Only four months ago I spoke at an aviation conference, challenging the audience of industry experts to think outside today’s models for airport design and operation in order to find solutions to meet 2050 net zero carbon targets. I highlighted that if today’s terminal life span is 30 (but often pushed out to 40) years then we should have started adapting at a global scale, over a decade ago. I argued therefore, that we needed a significant and radical step change to make up for the last ten years of lost innovation, foresight and opportunity.
Little did I know that three months later we would be facing the industry’s – indeed one of the world’s – greatest crisis and that the pace of necessary action was measured in hours, not decades. We are facing the fall-out from the spread of Covid-19, the invisible global pandemic causing very visible yet unimaginable health and economic impact across the planet.
At the time of writing this personal view it was the eve of the Ryanair Group cutting 80% of their flights1; on the other side of the world, Qantas grounding all of its fleet2; and, the US President agreeing that the stimulus package for the US airline industry “could look something like $50 billion”3.
Given the unparalleled nature of this crisis, it is difficult to say right now where we are in the industry’s business continuity cycle. The death toll continues to rise, there are large scale job losses, families are separated, and businesses are failing. Good news stories, however, are emerging: China reporting no new domestic transmissions of Covid-19 and promising breakthroughs in drug effectiveness. Buoyed by this positive news I am confident the industry will recover as it has done so from numerous “unprecedented” incidents, including 9/11 and Eyjafjallajökull’s eruption.
Whilst we wish for a speedy recovery, I return to the challenge that I referred to in my opening paragraph and ask, ‘is this the time to make the necessary step change?’ To quote Dara Khosrowshahi of Uber, one of transport’s greatest interrupters: “Desperation sometimes drives innovation”. What will the new normal look like?
Will we see changes in passengers’ travel experience expectations?
Should we see a consolidation of airlines, it is likely that pricing structures will change. Airlines have been appropriately generous in their flexibility during this crisis, but it may be that passengers are prepared to pay more in the future for guaranteed flexibility in travel arrangements. This might manifest as greater expectations for legacy-carrier standards of services and acceptance of the pricing accordingly.
At a micro-level, the lexicon and practice of ‘social distancing’ may be integrated into expectations of airport service (even if it cannot be achieved with today’s aircraft cabin design). Can the industry’s famous term of clean (sterile areas) and dirty (landside) become literal by leapfrogging to new systems and find innovative ways to avoid queuing? Will airports seek to build greater resilience into the existing assets and operations and less reliance on consequence management?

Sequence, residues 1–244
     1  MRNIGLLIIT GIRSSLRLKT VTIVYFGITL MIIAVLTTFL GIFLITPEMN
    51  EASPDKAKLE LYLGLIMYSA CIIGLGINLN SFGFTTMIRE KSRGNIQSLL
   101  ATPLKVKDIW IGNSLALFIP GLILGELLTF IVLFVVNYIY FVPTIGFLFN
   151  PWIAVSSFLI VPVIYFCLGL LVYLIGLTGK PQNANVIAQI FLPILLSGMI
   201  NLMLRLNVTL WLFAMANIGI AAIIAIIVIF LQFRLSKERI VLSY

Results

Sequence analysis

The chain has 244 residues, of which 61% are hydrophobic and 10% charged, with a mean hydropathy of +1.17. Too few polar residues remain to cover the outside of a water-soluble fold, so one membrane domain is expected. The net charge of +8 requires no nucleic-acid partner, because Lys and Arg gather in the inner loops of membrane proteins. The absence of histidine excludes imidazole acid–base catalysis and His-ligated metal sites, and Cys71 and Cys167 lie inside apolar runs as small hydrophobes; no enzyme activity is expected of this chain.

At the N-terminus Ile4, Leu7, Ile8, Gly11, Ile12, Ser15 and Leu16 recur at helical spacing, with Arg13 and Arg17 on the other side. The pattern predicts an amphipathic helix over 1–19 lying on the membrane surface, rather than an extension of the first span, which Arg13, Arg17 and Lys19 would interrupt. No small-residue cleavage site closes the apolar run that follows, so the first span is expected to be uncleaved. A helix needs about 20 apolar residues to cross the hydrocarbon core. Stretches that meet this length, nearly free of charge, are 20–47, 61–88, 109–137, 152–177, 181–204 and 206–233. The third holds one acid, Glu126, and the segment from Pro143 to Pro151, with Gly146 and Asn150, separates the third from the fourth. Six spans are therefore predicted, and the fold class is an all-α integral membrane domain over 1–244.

Many have argued the lack of resiliency in most countries’ health care systems has compounded the danger of Covid-19. That lack of resiliency has manifested publicly as calls for more hospital beds, personnel, personal protective equipment and ventilators. By contrast, aviation is considered a relatively resilient industry and, one could argue, mature in assessing (and managing where considered vital) resilience at the system and asset level. However, defining overall resilience of an entire asset, e.g. an airport in its entirety, continues to elude much of the industry, let alone applying a robust system to address inadequacies. I anticipate there will be increased focus on this across the industry and all aspects of future operational and capital investment will have a newfound, if yet to be defined, performance measure applied accordingly.
What lessons learned can the aviation industry adopt from the health industry?
The global collaboration of the health industry from investment in research to the sharing of crisis- management lessons learned has been applauded. I hope the aviation industry explores this further and recognises that removing red-tape and unlocking and targeting investment drives innovation. The step change in our efforts to meet carbon net zero targets feels a lot more achievable if the same approach to innovation and collaboration was enabled in the aviation industry.
As hard as it feels at this moment in time, given the rising Covid-19 death toll and it still being ‘early days’ in terms of the impact on the aviation industry, I encourage the aviation community to look for opportunities to drive innovation and apply lessons learned to create the new ‘normal’. It is appropriate that our resources and focus is on the present, given the urgency of the crisis. However, the industry continues to face big challenges, including our continued commitment to net zero carbon. It may be that this crisis creates opportunities to make the step changes necessary to deliver on those sustainability commitments.
Stacey Peel is the Aviation Security Global Lead for Arup, based in the UK.
- Remarks by President Trump, Vice President Pence, and Members of the Coronavirus Task Force in Press Briefing, 18 March 2020.